Current and Eﬀec-ve Teaching Strategies across the Curriculum Bulkley Valley May 3rd, 2012 Faye Brownlie www.slideshare.net
Learning Inten-ons • I can iden-fy ‘what counts’ in diﬀerent teaching sequences • I have a plan to implement a strategy that is new to me and to my students • I have a plan to con-nue to ask the ques-ons, ”How is what I am doing suppor-ng the learning of all my students?” and “How do I know?”
People Search • New rules! • Choose 1 box you’d like to answer yourself • Hear stories from no more than 2 at your table • Talk with at least 2 others from other tables, with one of them NOT being at your grade/ subject level
Universal Design for LearningMul-ple means: -‐to tap into background knowledge, to ac-vate prior knowledge, to increase engagement and mo-va-on (connec-ng) -‐to acquire the informa-on and knowledge to process new ideas and informa-on (processing) -‐to express what they know (transforming/ personalizing). Rose & Meyer, 2002
Backwards Design• What important ideas and enduring understandings do you want the students to know? • What thinking strategies will students need to demonstrate these understandings? McTighe & Wiggins, 2001
1. Learning Intentions“Students can reach any target as long as it holds s-ll for them.” -‐ S-ggins -‐ 2. Criteria Work with learners to develop criteria so they know what quality looks like. 3. Questions Increase quality ques-ons to show evidence of learning
4. Descrip+ve Feedback Timely, relevant descrip-ve feedback contributes most powerfully to student learning! 5. Self & Peer AssessmentInvolve learners more in self & peer assessment6. OwnershipHave students communicate their learning with others
Goal: develop and apply mathematical language• Sit back to back with a partner • Partner A observes the diagram and describes it to partner B • Partner B draws what he hears Partner A describing • Reﬂect: what worked in the partnership? What didn’t? How can it be improved?
Inuit Study • Now try the same strategy with content. • Back to back drawing. • Aber each sketch, check out the image and write a one sentence synthesis of what is important – or generate 5-‐8 key phrases describing the picture. • Students walk through the ‘gallery’ and observe the other pictures and statements/phrases. • Students web what they now know.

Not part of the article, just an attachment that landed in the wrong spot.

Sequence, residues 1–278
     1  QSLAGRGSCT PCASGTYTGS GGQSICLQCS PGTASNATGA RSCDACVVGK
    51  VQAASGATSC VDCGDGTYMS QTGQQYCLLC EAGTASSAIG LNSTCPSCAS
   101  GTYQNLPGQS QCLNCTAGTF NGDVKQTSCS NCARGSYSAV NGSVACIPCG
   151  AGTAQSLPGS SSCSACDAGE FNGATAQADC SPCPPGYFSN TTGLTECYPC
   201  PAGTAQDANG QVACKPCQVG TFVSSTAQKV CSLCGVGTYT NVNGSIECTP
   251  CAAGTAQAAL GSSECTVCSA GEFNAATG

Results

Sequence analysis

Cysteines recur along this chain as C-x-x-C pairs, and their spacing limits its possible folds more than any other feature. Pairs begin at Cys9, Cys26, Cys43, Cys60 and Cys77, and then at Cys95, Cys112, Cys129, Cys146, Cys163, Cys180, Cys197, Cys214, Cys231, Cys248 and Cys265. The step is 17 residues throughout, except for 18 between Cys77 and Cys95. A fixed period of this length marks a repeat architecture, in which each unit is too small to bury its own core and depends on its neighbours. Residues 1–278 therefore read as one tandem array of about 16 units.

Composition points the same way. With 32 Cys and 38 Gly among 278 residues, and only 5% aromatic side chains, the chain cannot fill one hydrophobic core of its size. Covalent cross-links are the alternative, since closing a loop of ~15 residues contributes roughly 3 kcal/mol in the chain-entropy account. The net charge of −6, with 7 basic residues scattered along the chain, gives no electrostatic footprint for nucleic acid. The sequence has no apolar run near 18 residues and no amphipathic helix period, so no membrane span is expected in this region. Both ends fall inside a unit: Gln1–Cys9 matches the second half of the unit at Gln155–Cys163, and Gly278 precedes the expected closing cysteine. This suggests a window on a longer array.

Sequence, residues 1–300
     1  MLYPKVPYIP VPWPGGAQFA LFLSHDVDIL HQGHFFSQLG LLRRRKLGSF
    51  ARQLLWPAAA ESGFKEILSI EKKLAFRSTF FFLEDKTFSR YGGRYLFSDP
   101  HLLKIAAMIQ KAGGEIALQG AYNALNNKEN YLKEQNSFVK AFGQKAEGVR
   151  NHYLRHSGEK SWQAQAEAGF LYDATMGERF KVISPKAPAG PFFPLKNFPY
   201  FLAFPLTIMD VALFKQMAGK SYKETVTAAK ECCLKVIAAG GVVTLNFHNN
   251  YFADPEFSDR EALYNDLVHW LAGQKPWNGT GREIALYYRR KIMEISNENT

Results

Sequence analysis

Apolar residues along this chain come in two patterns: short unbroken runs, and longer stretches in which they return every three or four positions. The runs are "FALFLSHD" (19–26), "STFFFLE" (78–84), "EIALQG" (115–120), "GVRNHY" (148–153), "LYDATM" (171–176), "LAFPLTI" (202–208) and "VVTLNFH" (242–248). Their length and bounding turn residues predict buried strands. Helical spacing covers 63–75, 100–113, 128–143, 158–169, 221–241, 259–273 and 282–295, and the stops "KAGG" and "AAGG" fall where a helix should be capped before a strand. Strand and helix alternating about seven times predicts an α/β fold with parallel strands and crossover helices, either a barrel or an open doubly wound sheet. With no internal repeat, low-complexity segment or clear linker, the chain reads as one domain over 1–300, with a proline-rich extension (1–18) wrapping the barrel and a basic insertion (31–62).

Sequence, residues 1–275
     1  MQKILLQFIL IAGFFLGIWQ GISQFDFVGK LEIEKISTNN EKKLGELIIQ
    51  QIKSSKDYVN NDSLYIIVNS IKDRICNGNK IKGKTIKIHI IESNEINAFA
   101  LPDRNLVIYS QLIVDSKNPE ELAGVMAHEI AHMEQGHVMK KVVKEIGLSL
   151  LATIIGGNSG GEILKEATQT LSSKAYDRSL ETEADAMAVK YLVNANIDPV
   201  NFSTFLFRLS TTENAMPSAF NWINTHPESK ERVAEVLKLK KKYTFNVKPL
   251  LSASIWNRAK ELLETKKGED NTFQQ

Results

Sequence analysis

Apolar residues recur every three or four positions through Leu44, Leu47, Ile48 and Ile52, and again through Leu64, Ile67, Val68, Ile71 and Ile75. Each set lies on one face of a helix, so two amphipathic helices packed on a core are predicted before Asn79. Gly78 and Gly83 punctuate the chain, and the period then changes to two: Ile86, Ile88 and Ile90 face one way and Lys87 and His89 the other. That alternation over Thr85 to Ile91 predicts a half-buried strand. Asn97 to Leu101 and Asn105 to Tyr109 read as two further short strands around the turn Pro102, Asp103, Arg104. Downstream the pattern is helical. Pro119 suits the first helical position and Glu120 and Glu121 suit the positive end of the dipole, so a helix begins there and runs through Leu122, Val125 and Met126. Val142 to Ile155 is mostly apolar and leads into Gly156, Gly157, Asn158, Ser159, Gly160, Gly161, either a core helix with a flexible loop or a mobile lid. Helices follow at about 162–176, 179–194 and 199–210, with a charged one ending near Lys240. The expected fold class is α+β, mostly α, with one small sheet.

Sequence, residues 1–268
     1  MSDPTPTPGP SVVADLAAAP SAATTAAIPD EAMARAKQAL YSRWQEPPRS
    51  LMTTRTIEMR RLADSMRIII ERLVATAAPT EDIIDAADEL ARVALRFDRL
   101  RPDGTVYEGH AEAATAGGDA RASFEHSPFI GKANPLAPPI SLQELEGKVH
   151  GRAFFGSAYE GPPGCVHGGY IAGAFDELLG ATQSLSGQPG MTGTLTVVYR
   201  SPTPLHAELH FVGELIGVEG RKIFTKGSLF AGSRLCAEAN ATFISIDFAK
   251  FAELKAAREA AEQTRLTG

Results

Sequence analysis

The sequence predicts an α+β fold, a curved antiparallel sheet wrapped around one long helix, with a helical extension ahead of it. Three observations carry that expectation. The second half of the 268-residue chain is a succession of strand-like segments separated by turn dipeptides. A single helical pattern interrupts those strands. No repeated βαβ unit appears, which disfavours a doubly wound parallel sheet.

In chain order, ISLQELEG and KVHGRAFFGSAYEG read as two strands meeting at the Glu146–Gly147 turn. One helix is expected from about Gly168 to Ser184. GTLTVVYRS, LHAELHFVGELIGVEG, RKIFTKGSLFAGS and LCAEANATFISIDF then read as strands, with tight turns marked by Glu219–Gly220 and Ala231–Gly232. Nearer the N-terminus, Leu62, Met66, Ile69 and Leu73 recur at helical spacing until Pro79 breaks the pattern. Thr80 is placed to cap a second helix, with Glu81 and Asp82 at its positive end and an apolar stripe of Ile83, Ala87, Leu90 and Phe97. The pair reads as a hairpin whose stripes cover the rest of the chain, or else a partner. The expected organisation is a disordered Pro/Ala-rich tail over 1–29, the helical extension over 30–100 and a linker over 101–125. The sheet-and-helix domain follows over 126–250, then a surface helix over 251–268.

Intro to Circula-on – Gr. 12 Biology Natalie Burns, Burnaby Central The Challenge: – A hook – More discussion – Thinking more deeply about the content – Building community in the classroom
First Class – 80 minutes • I wonder pictures • Big idea – circula-on • 2 minute quick write – what I remember • 20 min. – alone or with a partner, terms – heart, blood, arteries, veins, capillaries, immune system, circulatory disorders – then mindmap • Connect to heart image • 10 min. – lecture, 3 slides • 15 min. -‐-‐-‐ essen-al ques-ons – in groups, discuss each • Class discussion on essen-al ques-ons • Exit slip – 1 thing I remembered, 2 things I am excited to learn
What do you know about the circulatory system?
BCircula-on: An Overview Circula+on: Ablood around the •Blood vessels transport n Overview body -‐Arteries carry blood away from the heart -‐Veins carry blood to the heart -‐Capillaries allow for gas, nutrient and waste exchange between blood cells and body cells • ood vessels transport blood around the body - Arteries carry blood away from the heart - Veins carry blood towards the heart - Capillaries allow for gas, nutrient & waste exchange between blood cells and body cells
• The heart is responsible for pumping blood throughout your whole body -‐There are chambers to separate oxygenated and deoxygenated blood -‐The right side of the heart pumps blood to the lungs and the leb side of the heart pumps blood throughout the body
• Blood is made up of more than just red stuﬀ! -‐Most of blood is plasma (liquid) -‐White blood cells help our immune system by ﬁgh-ng diseases -‐Platelets allow our blood to clot -‐Red blood cells carry O2 & nutrients to cells, and CO2 & waste away from cells
3 Essen-al Ques-ons 1. How cri-cal is a heart to the life of an organism? 2. How do the diﬀerences between arteries and veins aﬀect their jobs and their loca-on? 3. Why must blood always be ﬂowing?
Resources • Assessment & Instruc-on of ESL Learners – Brownlie, Feniak, & McCarthy, 2004 • Grand Conversa-ons, Though<ul Responses – a unique approach to literature circles – Brownlie, 2005 • Student Diversity, 2nd ed. – Brownlie, Feniak & Schnellert, 2006 • Reading and Responding, gr. 4,5,&6 – Brownlie & Jeroski, 2006 • It’s All about Thinking – collabora-ng to support all learners (in English, Social Studies and Humani-es) – Brownlie & Schnellert, 2009 • It’s All about Thinking – collabora-ng to support all learners (in Math and Science) -‐ Brownlie, Fullerton & Schnellert, 2011 • Learning in Safe Schools, 2nd ed – Brownlie & King, Oct., 2011
Every learner will realize their full poten-al and contribute to the well-‐ being of our province. To move our educa-on system from good to great, the Plan has ﬁve key elements: 1) Personalized learning for every student 2) Quality teaching and learning 3) Flexibility and choice 4) High standards 5) Learning empowered by technology